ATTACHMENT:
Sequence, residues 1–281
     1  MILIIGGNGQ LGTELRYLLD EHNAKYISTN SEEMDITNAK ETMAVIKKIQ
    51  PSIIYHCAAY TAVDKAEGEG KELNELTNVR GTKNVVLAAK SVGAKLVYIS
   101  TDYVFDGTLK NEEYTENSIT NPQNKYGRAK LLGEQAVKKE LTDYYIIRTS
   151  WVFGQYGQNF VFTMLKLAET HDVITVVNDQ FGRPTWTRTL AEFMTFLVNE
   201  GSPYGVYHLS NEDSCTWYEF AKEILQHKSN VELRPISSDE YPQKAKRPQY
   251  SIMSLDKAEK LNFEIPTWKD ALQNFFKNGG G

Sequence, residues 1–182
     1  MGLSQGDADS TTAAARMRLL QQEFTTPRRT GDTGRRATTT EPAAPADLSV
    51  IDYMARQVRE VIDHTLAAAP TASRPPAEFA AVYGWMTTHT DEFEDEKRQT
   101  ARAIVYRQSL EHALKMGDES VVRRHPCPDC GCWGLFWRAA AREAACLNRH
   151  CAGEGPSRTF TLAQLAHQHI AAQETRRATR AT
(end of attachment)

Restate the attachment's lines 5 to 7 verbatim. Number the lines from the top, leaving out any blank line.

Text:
   151  WVFGQYGQNF VFTMLKLAET HDVITVVNDQ FGRPTWTRTL AEFMTFLVNE
   201  GSPYGVYHLS NEDSCTWYEF AKEILQHKSN VELRPISSDE YPQKAKRPQY
   251  SIMSLDKAEK LNFEIPTWKD ALQNFFKNGG G